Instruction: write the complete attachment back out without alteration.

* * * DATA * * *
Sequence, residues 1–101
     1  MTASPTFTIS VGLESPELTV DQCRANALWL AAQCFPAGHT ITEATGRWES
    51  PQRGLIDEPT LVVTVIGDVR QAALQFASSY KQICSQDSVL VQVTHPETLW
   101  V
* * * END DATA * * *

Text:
Sequence, residues 1–101
     1  MTASPTFTIS VGLESPELTV DQCRANALWL AAQCFPAGHT ITEATGRWES
    51  PQRGLIDEPT LVVTVIGDVR QAALQFASSY KQICSQDSVL VQVTHPETLW
   101  V